In the Surovsky district there was no railway nor service of
post horses, and Levin drove there with his own horses in his
big, old-fashioned carriage.
He stopped halfway at a well-to-do peasant's to feed his horses.
A bald, well-preserved old man, with a broad, red beard, gray on
his cheeks, opened the gate, squeezing against the gatepost to
let the three horses pass. Directing the coachman to a place
under the shed in the big, clean, tidy yard, with charred,
old-fashioned ploughs in it, the old man asked Levin to come into
the parlor. A cleanly dressed young woman, with clogs on her
bare feet, was scrubbing the floor in the new outer room. She
was frightened of the dog, that ran in after Levin, and uttered a
shriek, but began laughing at her own fright at once when she was
told the dog would not hurt her. Pointing Levin with her bare
arm to the door into the parlor, she bent down again, hiding her
handsome face, and went on scrubbing.
"Would you like the samovar?" she asked.
The parlor was a big room, with a Dutch stove, and a screen
dividing it into two. Under the holy pictures stood a table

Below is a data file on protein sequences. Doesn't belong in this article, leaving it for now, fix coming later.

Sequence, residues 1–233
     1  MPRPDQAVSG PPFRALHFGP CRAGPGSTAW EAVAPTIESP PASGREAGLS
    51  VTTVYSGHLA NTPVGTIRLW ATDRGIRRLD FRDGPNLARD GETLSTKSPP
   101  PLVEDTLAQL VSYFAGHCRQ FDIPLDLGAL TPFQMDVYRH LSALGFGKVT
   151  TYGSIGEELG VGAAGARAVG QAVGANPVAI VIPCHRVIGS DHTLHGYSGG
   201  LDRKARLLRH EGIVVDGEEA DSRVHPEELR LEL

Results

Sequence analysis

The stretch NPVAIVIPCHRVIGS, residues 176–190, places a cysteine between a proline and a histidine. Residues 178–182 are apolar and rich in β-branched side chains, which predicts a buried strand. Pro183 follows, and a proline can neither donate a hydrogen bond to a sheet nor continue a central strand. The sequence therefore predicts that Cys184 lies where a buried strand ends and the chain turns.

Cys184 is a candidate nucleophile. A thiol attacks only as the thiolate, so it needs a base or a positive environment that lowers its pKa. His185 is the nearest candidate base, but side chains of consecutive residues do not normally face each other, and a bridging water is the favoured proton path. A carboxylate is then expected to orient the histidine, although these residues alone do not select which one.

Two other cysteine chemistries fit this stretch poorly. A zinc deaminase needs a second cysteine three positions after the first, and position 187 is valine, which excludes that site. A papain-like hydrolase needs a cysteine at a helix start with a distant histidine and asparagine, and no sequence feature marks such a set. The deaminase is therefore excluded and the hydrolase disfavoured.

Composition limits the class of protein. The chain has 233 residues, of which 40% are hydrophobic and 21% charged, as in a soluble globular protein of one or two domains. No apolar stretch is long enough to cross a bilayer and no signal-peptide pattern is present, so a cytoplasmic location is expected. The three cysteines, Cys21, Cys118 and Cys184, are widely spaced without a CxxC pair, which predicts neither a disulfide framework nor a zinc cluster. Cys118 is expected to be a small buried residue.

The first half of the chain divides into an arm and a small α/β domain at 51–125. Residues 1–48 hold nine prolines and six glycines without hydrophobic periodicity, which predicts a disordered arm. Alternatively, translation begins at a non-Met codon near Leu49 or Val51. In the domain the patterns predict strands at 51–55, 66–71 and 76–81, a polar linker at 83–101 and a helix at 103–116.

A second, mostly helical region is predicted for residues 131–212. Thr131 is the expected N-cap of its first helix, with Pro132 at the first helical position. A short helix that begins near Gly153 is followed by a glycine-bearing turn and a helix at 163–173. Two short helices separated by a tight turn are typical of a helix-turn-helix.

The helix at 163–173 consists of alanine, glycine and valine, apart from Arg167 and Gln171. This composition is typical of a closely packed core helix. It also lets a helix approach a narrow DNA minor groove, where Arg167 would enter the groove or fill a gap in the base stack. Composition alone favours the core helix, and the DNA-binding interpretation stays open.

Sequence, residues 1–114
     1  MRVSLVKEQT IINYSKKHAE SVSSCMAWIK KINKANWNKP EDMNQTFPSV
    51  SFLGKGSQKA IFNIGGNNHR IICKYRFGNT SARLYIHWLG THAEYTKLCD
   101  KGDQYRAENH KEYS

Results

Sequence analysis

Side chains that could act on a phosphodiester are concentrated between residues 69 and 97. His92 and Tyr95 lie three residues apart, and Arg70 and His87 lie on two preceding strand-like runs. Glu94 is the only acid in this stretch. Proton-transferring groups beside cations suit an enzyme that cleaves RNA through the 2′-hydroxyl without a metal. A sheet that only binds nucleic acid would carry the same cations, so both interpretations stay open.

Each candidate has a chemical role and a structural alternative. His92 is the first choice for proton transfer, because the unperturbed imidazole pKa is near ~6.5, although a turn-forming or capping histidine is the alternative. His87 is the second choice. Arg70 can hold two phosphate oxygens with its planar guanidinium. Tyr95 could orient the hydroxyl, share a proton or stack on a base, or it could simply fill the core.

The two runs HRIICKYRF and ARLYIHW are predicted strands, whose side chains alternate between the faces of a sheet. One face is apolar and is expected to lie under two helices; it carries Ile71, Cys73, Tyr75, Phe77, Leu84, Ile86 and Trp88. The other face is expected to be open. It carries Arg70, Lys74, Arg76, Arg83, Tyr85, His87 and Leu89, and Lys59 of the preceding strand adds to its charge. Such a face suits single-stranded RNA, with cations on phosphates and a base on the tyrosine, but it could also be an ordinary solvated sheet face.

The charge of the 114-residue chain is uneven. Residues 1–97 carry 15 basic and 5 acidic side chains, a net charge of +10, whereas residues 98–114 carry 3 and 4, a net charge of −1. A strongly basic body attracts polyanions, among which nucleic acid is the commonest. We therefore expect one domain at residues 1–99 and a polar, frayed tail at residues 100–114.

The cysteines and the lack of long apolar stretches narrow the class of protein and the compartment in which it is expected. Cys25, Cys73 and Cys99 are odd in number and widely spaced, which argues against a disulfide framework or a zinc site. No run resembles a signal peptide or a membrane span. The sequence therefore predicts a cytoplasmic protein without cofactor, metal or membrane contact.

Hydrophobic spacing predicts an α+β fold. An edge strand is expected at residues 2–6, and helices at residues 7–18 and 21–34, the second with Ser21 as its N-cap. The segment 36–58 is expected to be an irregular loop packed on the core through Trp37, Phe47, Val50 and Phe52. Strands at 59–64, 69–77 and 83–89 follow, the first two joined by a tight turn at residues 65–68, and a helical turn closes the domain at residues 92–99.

painted in patterns, a bench, and two chairs. Near the entrance
was a dresser full of crockery. The shutters were closed, there
were few flies, and it was so clean that Levin was anxious that
Laska, who had been running along the road and bathing in
puddles, should not muddy the floor, and ordered her to a place
in the corner by the door. After looking round the parlor, Levin
went out in the back yard. The good-looking young woman in
clogs, swinging the empty pails on the yoke, ran on before him to
the well for water.
"Look sharp, my girl!" the old man shouted after her,
good-humoredly, and he went up to Levin. "Well, sir, are you
going to Nikolay Ivanovitch Sviazhsky? His honor comes to us
too," he began, chatting, leaning his elbows on the railing of
the steps. In the middle of the old man's account of his
acquaintance with Sviazhsky, the gates creaked again, and
laborers came into the yard from the fields, with wooden ploughs
and harrows. The horses harnessed to the ploughs and harrows
were sleek and fat. The laborers were obviously of the
household: two were young men in cotton shirts and caps, the two
others were hired laborers in homespun shirts, one an old man,
the other a young fellow. Moving off from the steps, the old man
went up to the horses and began unharnessing them.